How might we encourage, advance, support, enable and make aware the importance of healthy homes and communities throughout Chicagoland?
The concept of healthy homes and communities is extremely important because most people spend over 90% of their time indoors. Whether it is the indoor air quality, the choice of paints and finishes or the cleaning products we use these choices all have an impact on the health of the occupants of the homes where we live. From the plastics to the pesticides to the products builders buy and install the choices must be made carefully and with a focus on the health and well-bring of the occupants. From the durability of the material choices inside as well as outside the building envelope where the final layer of protection is built properly and wisely so there are no moisture or condensation issues inside.
The EPA defines the term sick building syndrome (SBS) to describe situations in which “building occupants experience acute health and comfort effects that appear to be linked to time spent in a building, but no specific illness or cause can be identified.” The Healthy Homes Initiative is dedicated to eliminating the conditions which cause SBS and to educating occupants to avoid health risks during their time living in the homes we build.
This healthy homes concept can be expanded from block by block to neighborhood by neighborhood to city by city to all across our country and around the globe. So many cities are adopting the Healthy Home principles into their building codes and legislative process that our standards will one day be an industry standard. Scottsdale Arizona requires all public buildings to be LEED certified Gold level which is one step in the right direction towards healthy indoor environments. The City of Calgary has a Healthy Homes Initiative that is required of all builders to incorporate many of these healthy homes concepts into their commercial buildings and residences.
What specific housing strategies and new prototypes can be adopted to improve the materials and resources used in our housing rehabs and new construction housing including zoning constraints and building codes which support and encourage healthy homes? The importance of making alliances with our municipal leaders and our elected officials will help shape legislation and city ordinances to establish new standards in healthy housing construction standards and sustainable design principles.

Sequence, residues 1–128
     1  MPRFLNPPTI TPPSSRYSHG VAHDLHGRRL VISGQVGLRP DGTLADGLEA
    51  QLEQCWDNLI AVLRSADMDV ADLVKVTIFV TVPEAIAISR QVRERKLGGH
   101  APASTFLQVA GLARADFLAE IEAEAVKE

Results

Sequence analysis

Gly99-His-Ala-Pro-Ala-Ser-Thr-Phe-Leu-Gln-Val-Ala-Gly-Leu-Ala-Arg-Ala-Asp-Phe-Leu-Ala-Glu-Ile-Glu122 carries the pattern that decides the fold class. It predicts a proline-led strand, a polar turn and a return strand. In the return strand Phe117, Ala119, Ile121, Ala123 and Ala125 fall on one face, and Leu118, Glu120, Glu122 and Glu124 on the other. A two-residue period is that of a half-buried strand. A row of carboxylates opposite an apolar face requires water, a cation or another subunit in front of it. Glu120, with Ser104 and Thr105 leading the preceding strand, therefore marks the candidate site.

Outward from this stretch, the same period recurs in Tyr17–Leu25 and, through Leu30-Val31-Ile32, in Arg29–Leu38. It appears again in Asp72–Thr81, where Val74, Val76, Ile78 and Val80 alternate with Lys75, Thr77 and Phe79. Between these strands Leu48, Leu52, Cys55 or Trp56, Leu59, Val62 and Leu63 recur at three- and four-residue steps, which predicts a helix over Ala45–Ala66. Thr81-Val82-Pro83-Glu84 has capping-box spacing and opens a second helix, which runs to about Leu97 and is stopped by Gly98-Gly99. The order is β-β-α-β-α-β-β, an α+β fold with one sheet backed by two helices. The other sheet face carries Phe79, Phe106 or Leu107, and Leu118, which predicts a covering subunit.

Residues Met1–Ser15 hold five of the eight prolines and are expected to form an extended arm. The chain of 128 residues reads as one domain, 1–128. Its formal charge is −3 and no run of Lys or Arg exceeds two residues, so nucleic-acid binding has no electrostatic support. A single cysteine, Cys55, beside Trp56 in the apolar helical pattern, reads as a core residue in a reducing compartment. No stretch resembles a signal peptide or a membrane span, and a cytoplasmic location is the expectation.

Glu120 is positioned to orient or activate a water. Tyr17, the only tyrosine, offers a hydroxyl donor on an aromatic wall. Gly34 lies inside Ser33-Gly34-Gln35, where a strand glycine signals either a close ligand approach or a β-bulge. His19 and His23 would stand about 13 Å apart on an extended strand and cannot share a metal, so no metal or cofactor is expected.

This Healthy Homes Initiative is also about crossing the threshold and making all parties aware of where healthy improvements can be made from our building codes to architectural standards to occupant standards. From legislative and governing laws to how we all can be more aware of our roles as stewards of the environment – including our homes indoor environment, our community environment and our global environments. Each decision and routine scales out to that level and is another threshold we must pass through. The Healthy Homes Initiative encourages everyone to ask how might we engage and enable communities to take more initiative in making their local environments better and more sustainable?
The idea of a healthy home seems so simple but what does it really mean? What should you be looking for when you go to buy your next home? What about your current home? How healthy is it? Where can you make it healthier? What should you consider when you renovate your existing home to make an educated decision about the impact the materials, design and systems you choose (or which were chosen for us) to operate your home? This also includes the products we buy to maintain our homes or keep them clean and down to the daily practices which becomes routine.
Let’s discuss and review the choices we take for granted which can have major consequences on our health, the health of our families, our community and the entire global community. Let us share ideas, resources, methods, links and tools for talking about but most importantly implementing topics related to a sustainable future of our healthy homes, offices, classrooms and communities.
Let’s move this idea of healthy homes and healthy environments across the healthy homes threshold by making it a standard in the construction industry.